A Lesson for Kids to Learn About Monochromatic Colors

Updated on October 23, 2017
Creating many shades of green
Creating many shades of green

This is a lesson in mixing colors. Most children are aware that mixing two primary colors (Red, Blue and Yellow), yield secondary colors. Secondary colors are: Green, purple, and orange. What they don't know is how many variations of secondary colors there are.

  • Blue + yellow = green
  • Yellow + red = orange
  • Blue + red = purple

Children love this exercise because it is like a puzzle. They have to figure out how to make various shades of their chosen color by altering the amounts of each color they mix together. Using the same color but changing it slightly creates a monochromatic color scheme.

Each new color achieved gets painted into its own square in a color chart. When the exercise becomes limited by just using primary colors, black or white could then be added.

  • A tint is when white is added to a color.
  • A shade is when black is added to a color.

Adding tints and shades affect the value of the color. This is useful to learn when painting objects or people.

For students seeking an additional challenge, I set up a still life and asked them to paint it using only the colors on their color chart.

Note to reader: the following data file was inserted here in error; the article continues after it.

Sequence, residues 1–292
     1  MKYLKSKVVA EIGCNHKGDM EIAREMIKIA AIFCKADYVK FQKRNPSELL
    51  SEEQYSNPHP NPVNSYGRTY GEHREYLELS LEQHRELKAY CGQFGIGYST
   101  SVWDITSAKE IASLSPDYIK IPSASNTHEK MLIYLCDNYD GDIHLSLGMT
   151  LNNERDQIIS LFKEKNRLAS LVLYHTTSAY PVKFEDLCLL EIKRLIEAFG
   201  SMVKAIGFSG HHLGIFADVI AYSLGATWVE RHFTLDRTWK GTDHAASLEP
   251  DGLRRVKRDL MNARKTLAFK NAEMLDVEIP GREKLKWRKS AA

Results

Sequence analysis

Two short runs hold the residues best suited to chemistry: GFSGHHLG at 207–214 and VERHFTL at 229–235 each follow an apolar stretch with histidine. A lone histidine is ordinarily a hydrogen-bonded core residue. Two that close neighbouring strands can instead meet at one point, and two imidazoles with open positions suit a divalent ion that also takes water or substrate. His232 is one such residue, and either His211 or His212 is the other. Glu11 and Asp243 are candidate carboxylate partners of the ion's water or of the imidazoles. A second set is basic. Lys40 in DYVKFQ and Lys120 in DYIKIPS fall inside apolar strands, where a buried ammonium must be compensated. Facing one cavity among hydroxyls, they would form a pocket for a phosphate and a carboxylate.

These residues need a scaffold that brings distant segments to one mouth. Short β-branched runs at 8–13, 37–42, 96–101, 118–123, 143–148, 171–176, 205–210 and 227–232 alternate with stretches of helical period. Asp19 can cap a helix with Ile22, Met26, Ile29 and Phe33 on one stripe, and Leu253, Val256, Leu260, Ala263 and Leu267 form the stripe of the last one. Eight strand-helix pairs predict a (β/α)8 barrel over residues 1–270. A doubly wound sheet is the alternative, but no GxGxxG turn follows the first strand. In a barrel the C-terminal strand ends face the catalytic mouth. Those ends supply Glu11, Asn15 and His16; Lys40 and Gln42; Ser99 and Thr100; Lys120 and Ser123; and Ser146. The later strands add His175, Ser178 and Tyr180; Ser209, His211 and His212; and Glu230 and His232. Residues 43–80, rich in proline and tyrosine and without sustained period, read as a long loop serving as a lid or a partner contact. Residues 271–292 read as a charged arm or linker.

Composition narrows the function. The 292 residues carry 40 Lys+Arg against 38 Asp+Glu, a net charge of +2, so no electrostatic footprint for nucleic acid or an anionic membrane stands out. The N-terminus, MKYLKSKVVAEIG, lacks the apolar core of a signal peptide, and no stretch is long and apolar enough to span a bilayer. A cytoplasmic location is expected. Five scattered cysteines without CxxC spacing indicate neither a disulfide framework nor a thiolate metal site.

What You Will Need to Make a Color Chart

  • White paper cut into a square
  • Ruler
  • Pencil
  • Primary paint colors (Red, Yellow, Blue)
  • Black and white paint
  • Paint brushes
  • Water cup
  • Mixing palette
  • Rags

Creating shades of orange and utilizing the finished work for a still life in the same color family
Creating shades of orange and utilizing the finished work for a still life in the same color family

How to Make a Color Chart With Analogous Colors

  1. Use the pencil and ruler to grid the white paper square. We created 20 squares inside of our large white square.
  2. Choose a secondary color that you want to work with. (Green, Orange or Purple)
  3. Squeeze out an equal amount of the correct primary paints to make your secondary color onto a mixing palette.
  4. Mix small amounts of paint to achieve your color. Try varying the amount of dark color into light color to begin.
  5. Add in white to different shades of your color, tinting it to lighter values.
  6. Add in black to different shades of your color, shading it to darker values.
  7. Paint in each square with a different color until the entire grid is filled in.
  8. Allow to dry.
  9. With any additional time, use the grid as a reference to create an monochromatic still life.


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    • profile image

      Lina Nichol 

      8 years ago

      Thank you for your wonderful ideas. I teach a group of 5/6/7 first nations kids. We are going to try your colour theory projects as a way to comfortable with acrylic paints. Much more fun than a boring colour wheel.

    • Laura Spector profile imageAUTHOR

      Laura Spector 

      8 years ago from Chiang Mai, Thailand

      Michelle, you're most welcome! I hope they have a great time with the project!

    • profile image


      8 years ago

      I need to do an Art Project with my son's first grade class on the use of color - values, tints, and shades. This sounds perfect. Thank you so much for providing this great idea!


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